The trouble is, there are not many of the latter as they are too busy paying for the former. Otherwise you get these amoral cranks with no practical concept of “conflict of interest” that are happy with tax being progressive when its being paid and yet regressive when its being relieved.

    • Quite, you can only get tax relief on tax that you have paid. Therefore the more tax you pay, the greater the relief you might receive.

      Remember, that the wealthy receive very little of the tax they pay back in public services whereas the lower 50% of the population get back 100% of their tax.

  6. An extra wealth tax on property sales will stop the housing market overnight.

    Look at the damage that stamp duty does.

    A sensible option would be to reduce stamp duty on older people downsizing to prevent them sitting tight in big houses that could then be bought by families.

  7. Julian Stevens 7th June 2019 at 3:32 pm

    But if tax relief on pension contributions is removed, so too will have to be restriction of access to funds before a specified age. If it isn’t, what will be the incentive for people to lock away money on a long term basis for their retirement? They’ll just do ISA’s instead (if they do anything at all) and dip into them willy nilly whenever they need a new car or a home extension or fancy an expensive holiday. By the time they reach retiring age, their retirement pots will have been so regularly and irresponsibly plundered that by the time they reach retiring age there’ll hardly be anything left of them.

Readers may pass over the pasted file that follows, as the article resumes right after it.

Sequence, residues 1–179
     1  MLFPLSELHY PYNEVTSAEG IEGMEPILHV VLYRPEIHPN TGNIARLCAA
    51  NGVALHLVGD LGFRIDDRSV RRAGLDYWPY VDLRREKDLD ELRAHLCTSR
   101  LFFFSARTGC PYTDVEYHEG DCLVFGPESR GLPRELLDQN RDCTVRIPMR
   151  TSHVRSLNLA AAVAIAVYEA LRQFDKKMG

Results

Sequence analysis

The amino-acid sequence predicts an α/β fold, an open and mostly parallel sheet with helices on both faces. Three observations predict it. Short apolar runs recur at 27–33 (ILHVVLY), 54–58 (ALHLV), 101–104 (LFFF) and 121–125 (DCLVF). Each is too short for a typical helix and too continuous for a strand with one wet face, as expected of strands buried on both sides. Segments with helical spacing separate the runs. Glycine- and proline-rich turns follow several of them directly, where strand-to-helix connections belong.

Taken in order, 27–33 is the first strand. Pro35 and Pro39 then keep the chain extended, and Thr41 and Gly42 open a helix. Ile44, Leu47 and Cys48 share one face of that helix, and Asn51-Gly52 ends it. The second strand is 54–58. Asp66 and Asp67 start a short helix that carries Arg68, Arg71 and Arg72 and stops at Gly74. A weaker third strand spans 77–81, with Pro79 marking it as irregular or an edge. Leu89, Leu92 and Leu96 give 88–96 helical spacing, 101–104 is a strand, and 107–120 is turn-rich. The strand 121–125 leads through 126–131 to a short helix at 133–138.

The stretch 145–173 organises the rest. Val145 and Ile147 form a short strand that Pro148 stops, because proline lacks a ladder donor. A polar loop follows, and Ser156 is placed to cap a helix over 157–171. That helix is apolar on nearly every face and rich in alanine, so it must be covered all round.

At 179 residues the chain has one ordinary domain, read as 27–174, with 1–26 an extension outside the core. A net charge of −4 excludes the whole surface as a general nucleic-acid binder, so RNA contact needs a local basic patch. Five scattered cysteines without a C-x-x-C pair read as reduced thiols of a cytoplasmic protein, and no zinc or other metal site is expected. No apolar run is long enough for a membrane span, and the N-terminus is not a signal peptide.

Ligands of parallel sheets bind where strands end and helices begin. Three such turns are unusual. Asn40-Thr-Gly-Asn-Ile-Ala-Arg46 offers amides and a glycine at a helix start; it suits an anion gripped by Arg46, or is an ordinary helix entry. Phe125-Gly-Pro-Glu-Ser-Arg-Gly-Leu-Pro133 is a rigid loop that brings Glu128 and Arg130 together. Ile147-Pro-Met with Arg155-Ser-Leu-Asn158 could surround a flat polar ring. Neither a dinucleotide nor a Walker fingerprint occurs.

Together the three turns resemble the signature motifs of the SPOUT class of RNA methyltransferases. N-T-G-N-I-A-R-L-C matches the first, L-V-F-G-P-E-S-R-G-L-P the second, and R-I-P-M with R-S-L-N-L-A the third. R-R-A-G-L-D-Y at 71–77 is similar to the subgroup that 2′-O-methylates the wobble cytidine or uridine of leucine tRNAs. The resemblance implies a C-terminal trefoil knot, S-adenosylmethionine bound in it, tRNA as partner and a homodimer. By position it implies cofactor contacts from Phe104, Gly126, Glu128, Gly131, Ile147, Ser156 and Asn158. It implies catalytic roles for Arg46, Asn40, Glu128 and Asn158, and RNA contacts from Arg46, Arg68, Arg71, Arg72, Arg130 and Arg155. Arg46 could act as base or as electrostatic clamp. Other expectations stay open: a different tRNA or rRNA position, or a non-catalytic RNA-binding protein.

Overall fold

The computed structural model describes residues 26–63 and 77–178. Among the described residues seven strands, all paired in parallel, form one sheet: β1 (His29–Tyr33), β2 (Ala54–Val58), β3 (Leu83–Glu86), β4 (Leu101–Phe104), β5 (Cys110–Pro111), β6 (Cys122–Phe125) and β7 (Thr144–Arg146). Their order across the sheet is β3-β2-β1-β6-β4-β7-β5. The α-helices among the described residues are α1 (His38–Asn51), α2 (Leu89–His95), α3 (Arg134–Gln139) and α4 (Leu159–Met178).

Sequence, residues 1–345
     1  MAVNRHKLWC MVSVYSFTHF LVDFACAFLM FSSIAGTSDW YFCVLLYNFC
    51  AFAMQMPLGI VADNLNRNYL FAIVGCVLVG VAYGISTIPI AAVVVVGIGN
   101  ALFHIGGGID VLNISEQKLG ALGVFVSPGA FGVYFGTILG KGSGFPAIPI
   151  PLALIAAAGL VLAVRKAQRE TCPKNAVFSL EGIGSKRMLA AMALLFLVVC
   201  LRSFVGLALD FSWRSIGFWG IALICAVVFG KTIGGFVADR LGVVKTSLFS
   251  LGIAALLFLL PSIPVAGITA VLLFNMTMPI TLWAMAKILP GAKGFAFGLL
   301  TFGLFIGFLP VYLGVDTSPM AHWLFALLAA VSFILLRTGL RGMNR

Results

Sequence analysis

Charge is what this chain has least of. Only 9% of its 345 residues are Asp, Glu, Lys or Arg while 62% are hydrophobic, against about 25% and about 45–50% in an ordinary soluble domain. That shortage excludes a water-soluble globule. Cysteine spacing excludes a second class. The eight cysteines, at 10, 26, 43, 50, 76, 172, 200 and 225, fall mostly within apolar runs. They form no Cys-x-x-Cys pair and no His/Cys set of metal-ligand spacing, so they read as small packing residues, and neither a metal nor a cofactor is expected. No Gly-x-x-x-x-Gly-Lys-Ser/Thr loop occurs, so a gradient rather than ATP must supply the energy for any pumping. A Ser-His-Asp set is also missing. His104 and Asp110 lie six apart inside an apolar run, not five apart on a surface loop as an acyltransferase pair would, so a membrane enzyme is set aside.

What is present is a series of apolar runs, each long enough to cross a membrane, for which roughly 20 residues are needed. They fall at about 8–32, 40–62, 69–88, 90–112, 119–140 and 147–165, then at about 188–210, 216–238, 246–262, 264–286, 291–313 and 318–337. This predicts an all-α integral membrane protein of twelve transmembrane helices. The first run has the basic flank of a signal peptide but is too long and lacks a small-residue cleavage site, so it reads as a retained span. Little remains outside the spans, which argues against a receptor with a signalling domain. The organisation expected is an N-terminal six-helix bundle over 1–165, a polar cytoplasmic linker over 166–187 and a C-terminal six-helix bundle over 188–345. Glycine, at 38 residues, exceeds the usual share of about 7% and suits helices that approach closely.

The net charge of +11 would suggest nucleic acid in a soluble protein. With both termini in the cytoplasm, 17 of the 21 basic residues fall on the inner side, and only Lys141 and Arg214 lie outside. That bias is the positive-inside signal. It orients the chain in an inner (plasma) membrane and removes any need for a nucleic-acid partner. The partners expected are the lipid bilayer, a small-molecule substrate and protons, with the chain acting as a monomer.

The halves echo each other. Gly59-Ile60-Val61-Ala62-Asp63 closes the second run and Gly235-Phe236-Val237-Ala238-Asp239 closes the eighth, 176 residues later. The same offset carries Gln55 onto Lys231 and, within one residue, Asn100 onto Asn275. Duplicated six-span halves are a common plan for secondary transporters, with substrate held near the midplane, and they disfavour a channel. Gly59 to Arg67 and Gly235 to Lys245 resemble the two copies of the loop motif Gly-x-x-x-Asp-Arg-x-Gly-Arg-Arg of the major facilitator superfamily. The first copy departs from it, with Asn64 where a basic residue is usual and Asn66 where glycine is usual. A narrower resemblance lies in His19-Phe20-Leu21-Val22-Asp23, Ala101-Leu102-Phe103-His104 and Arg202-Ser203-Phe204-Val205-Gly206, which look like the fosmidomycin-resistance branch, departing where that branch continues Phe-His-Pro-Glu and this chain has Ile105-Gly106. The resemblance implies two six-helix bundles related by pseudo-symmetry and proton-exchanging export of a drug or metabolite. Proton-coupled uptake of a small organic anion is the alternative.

The fundamentals of the present system may be rather less than perfect (and much of the rest is chronically over-complicated), but at least there are incentives to commit money to a pension plan over the long term. Remove those incentives and there’ll be even more people putting away too little or nothing at all for their retirement than there are now.

    There are two sides to every coin.

  8. If you think the government have a problem now wait for an even larger social care issue if tax relief is scrapped.

  9. The fact that Milennials pay only 8% of the Top Rate Tax in 2019 does not mean that they will still pay 8% in 2025.

    More will attain the roles where higher pay is earned.

    Secondly, what is the relevance of what Corbyn will do given the chance.

    Incidentally, is he going to replace it with something else, or is it just a tax grab. I suspect the latter.

  10. Pension without tax relief ….

    Eeerrr, is that not an ISA (of sorts) ?

    Me thinks this bloke has just had a “eureka” moment and re-invented the wheel

    • Michael Johnson 11th June 2019 at 12:54 pm

      Unfortunately this article fails to mention my proposals to replace tax relief with bonuses, as 50% on the first £2k saved and 25% on the next £8k saved, all within an ISA framework.

      Disconnecting the incentive from tax-paying status would (i) be redistributive, with a larger incentive for those who find it hardest to save; (ii) put an end to the Lifetime Allowance issues (and no need for an annual allowance); (iii) remove the risk of future tax rises (as drawdown would be tax-free); (iv) end the “net pay” debacle; and (v) those on multiple low incomes could aggregate their contributions for AE bonus purposes (unlike for pensions tax relief).